43. Where do research questions come from?(worldview, vision)Key issue: Who is paying for the research? Do research payers always ask the most important questions? What biases enter in? © Jonathan B. Wight

  44. 2. Model-Building* Market wage clearing model* Keynesian wage rigidity model* Marxian class conflict model(worldview, ideology, institutions) © Jonathan B. Wight

  45. 3. Data Collectiona) How do we define the data to be collected? That is, what is “unemployment”?Any answer we give requires a judgment about why we are collecting the data and what goal its collection will serve. © Jonathan B. Wight

  46. 3. Data Collectionb) How much data do we collect? Data is not free. There are opportunity costs of acquiring data.How much is the “right” amount? © Jonathan B. Wight

  47. 3. Data Collectionc) Collecting the data is constrained by ethical considerations in addition to economic limitations. For example, is it possible to collect data by kidnapping people and torturing them? [Think of Hitler’s concentration camp experiments in the further of science.] © Jonathan B. Wight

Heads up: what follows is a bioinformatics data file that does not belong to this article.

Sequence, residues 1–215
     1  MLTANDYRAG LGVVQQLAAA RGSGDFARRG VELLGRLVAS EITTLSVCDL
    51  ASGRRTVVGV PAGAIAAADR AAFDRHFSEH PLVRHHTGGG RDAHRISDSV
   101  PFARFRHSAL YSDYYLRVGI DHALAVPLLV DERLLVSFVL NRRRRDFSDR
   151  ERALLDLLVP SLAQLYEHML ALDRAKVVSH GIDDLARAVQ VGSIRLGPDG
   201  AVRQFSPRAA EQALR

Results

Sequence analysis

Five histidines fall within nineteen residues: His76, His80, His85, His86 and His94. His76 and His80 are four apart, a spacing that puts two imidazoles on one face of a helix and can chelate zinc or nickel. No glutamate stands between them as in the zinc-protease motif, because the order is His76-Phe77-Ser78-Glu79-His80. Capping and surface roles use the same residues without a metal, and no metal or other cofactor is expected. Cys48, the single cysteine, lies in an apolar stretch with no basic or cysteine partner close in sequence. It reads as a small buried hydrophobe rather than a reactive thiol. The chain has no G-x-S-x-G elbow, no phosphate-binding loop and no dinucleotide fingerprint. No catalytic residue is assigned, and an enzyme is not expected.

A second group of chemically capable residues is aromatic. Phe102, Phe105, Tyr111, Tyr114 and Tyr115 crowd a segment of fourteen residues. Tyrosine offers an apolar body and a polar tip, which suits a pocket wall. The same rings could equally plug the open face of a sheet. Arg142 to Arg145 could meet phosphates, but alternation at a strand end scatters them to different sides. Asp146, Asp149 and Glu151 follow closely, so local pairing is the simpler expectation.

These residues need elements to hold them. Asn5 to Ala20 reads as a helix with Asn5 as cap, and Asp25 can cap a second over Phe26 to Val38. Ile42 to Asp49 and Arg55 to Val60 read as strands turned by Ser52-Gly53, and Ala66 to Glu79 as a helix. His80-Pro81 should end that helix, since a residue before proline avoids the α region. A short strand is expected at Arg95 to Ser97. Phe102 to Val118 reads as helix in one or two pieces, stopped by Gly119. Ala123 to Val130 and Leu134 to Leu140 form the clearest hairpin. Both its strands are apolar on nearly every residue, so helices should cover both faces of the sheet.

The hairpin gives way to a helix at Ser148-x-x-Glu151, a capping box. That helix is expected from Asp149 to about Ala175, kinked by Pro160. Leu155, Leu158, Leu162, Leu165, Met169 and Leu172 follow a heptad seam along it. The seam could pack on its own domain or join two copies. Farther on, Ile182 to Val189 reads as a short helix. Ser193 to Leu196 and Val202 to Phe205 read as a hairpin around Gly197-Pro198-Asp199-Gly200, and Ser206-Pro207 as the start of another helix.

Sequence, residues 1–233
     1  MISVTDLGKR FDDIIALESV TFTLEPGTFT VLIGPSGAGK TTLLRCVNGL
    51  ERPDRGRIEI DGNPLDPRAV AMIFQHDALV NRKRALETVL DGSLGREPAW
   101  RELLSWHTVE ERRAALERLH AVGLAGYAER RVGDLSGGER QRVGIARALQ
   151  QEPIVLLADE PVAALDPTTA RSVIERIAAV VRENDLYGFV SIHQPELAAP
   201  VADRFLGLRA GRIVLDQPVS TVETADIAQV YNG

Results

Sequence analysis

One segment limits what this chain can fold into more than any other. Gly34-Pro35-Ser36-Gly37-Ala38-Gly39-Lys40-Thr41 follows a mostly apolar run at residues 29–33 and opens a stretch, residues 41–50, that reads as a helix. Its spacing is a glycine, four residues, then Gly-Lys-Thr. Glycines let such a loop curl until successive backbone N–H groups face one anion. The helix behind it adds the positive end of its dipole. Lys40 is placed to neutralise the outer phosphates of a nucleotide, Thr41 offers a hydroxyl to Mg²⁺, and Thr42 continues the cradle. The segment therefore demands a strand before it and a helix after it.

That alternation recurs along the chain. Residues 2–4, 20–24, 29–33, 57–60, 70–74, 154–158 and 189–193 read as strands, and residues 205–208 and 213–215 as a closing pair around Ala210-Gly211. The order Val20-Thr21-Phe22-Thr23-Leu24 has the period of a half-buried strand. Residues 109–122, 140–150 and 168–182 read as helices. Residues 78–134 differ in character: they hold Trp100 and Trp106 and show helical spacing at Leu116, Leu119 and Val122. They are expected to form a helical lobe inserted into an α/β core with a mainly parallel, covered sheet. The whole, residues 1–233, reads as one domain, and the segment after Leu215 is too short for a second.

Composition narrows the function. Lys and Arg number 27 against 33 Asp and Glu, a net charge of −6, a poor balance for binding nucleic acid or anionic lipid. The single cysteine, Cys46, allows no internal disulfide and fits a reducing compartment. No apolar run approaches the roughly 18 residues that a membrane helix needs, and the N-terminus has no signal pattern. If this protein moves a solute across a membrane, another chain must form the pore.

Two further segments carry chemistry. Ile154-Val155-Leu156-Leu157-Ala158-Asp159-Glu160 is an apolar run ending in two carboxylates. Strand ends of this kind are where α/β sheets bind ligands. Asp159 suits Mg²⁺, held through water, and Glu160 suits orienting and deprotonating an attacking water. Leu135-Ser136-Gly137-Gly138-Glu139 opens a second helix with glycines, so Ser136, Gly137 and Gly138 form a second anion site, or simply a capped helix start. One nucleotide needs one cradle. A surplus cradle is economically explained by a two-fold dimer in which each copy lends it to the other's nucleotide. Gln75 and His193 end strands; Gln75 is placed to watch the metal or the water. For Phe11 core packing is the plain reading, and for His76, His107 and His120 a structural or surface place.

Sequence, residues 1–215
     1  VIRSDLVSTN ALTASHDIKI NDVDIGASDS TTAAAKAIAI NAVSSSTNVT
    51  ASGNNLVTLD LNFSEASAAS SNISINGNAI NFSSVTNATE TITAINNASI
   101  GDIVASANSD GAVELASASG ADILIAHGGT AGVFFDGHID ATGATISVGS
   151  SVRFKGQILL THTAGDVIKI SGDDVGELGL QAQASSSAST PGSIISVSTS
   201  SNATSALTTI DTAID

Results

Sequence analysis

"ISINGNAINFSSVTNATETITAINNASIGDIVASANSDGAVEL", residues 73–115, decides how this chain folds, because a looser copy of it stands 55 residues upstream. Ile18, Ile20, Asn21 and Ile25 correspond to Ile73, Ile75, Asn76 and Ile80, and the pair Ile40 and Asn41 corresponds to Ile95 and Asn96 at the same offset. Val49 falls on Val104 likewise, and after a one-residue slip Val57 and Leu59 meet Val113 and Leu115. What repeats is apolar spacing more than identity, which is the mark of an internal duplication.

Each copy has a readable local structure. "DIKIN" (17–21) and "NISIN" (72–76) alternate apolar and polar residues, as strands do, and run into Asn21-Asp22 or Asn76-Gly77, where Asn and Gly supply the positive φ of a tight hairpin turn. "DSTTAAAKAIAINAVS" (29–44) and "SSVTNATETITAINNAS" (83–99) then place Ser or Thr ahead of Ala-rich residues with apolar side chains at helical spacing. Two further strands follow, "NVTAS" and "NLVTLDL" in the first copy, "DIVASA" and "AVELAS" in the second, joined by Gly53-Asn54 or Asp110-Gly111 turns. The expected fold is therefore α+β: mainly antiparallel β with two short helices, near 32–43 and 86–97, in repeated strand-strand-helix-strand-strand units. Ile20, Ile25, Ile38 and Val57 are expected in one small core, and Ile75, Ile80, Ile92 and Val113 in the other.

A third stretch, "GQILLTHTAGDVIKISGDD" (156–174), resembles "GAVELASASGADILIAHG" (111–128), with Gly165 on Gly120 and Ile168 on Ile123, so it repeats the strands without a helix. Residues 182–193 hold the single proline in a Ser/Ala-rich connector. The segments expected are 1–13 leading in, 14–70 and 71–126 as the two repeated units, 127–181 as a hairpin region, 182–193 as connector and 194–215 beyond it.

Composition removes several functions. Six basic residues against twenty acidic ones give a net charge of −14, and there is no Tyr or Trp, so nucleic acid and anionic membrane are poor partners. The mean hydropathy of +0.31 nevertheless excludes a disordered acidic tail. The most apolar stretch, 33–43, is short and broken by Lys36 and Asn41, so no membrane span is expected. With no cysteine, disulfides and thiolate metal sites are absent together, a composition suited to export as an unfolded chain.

48. 3. Data Collectiond) Collecting the data might CHANGE the data!For example, surveying households about who’s actively looking for work might stimulate someone to start searching!Asking consumers about their confidence in the economy could introduce uncertainty into their minds that didn’t previously exist! This is called the “Observer” problem, also in physics known as “Heisenberg’s Uncertainty Principle.” © Jonathan B. Wight

  49. 4. Data Analysisa) Statistical significance* Type I error* Type II errorb) Economic significance © Jonathan B. Wight

  50. Statistical Significance Does spending on childhood intervention programs increase high school graduation rates? © Jonathan B. Wight